Though a tragedy can change your life forever, it’s how you handle the situation and cope with that change that defines you as a person and shows true strength. John Tomczak, a Valparaiso resident, continues to cope with the challenges of enduring a severe injury in Vietnam, while never losing his kind heart and humorous spirit.
Born and raised in Valparaiso, Tomczak attended school and was involved in Eagle Scouts. He later went on to Purdue University as an Engineer major, where he would leave to begin his journey in the Army.
“I was 20 and in my third year at Purdue when I volunteered for the draft,” Tomczak said. He served as Private First Class.
John ended up in the Central Islands of Vietnam where he stayed for 6 weeks before an ambush left him in critical condition. John sustained a shot to the head by a sniper, and many believed he would not make it. To this day, he continues to prove them wrong.
“That was my longest day, before I came home. I was in the hospital for 17 months and one day. People would talk about how they would be there for 3 weeks because they had a leg injury and I would think, ‘ And you think that’s a long time?’ Tomczak said.
John was given last rites “mucho times,” and his mother sat by his bedside and continued to talk to him. She just knew he was going to come out of it. “She put her hand in my hand and said, ‘John, if you can hear me, squeeze my hand,’ and she told me I squeezed her hand until it was blue,” Tomczak said.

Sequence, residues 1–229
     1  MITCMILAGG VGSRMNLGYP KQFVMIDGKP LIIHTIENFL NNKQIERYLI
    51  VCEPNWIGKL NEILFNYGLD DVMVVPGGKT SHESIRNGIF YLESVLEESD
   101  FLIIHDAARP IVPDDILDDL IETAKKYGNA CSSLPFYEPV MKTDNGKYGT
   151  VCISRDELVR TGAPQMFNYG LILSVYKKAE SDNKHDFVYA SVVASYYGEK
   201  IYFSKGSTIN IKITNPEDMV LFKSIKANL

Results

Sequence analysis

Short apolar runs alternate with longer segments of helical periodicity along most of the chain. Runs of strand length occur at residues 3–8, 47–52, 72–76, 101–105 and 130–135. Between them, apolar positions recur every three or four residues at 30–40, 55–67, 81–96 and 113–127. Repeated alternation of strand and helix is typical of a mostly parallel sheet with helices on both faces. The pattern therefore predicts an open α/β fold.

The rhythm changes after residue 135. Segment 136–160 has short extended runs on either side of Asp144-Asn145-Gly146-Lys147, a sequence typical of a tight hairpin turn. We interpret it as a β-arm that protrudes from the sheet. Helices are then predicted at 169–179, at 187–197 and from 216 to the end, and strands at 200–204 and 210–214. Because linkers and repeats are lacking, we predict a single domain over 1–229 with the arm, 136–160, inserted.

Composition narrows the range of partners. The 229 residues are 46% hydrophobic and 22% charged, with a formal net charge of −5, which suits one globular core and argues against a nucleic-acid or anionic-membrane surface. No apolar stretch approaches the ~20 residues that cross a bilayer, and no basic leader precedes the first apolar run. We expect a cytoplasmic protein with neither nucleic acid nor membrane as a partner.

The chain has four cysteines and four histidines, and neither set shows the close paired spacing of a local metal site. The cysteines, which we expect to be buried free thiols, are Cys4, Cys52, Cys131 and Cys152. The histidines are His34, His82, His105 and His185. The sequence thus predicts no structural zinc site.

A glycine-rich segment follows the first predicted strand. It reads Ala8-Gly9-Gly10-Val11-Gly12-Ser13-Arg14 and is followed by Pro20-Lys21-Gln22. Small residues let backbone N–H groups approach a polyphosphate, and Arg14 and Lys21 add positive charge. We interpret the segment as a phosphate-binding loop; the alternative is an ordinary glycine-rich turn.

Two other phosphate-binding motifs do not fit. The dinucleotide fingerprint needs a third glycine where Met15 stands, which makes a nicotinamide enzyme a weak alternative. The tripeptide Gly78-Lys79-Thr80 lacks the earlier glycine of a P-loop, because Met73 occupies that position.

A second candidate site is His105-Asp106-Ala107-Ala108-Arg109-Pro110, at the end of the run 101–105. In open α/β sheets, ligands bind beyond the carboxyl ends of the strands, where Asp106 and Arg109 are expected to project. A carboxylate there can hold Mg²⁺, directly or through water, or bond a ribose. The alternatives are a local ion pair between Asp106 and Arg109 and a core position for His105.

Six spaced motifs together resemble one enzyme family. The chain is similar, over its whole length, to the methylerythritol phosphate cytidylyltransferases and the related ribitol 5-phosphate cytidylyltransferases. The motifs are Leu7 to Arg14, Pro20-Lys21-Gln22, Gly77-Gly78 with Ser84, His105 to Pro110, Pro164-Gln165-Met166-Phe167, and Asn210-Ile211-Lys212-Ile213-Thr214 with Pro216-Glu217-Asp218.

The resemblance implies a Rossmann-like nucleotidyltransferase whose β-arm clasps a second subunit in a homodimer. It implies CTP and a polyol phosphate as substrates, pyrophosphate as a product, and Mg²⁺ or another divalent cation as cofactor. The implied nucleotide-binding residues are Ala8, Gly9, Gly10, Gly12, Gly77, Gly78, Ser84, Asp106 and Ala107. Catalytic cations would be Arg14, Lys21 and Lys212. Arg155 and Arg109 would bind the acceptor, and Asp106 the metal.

Recovery was of course tough, and John went through 16 brain surgeries. The injury left him with speech problems and seizures, among many physical disabilities. Through these obstacles, John was still able to keep a light tone and make others laugh.
“During one of the many times I was in the VA hospitals, the guy in the bed next to me was a sniper for our side, so I introduced myself saying ‘You’re a sniper, and I’m a snipee.’ You’ve got to have a sense of humor about it, its either that or cry,” Tomczak said.
John wasted no time getting back to doing the things that he wanted to do, and that meant getting his degree.
“As soon as I came home, I tried right away to pick up my studies.” John got a degree in Psychology at Valparaiso University in 1974. “I met some nice people there,” Tomczak said. Fellow students would assist him with reading when it became too much for him to do on his own.
Now, John has started talking with kids at the High School and sharing his story. This gives students the opportunity to learn about the war first hand. Though the experience left him changed forever, John takes a lot away from his time in Vietnam.
“I learned so much more about mankind. We’re a strange lot! We think that things like war can really solve problems. Sometimes a group of kids will ask me why I’m in my wheelchair and I try to explain in terms that they’ll understand. War is like playing cops and robbers, but they use real weapons. A little girl, with a sincere look in her face asked me, ‘Why is there war.’ It blew me away! I told her, ‘Why do you argue with your brother?’ Same reason,” Tomczak said.
The community has really been there for John over the years. They helped send his family out to be in the hospital with him, and came together to build the house that John still lives in. The house really caters to his needs.
In return, John really hopes to see the house continue to be used as a legacy for him and be used to help others who would benefit from its capabilities. The house currently houses others who have had a brain injury in the war, and John wants to continue to use his house to serve others.
One of John’s favorite Bible verses is Deuteronomy 14:2, “For you are a people holy to the Lord your God. Out of all the peoples on the face of the earth, the Lord has chosen you to be his treasured possession.” John Tomczak has a strong spirit, a witty personality, and so much to share with others. His story shows how important it is to make the best out of a situation and give back to those around you.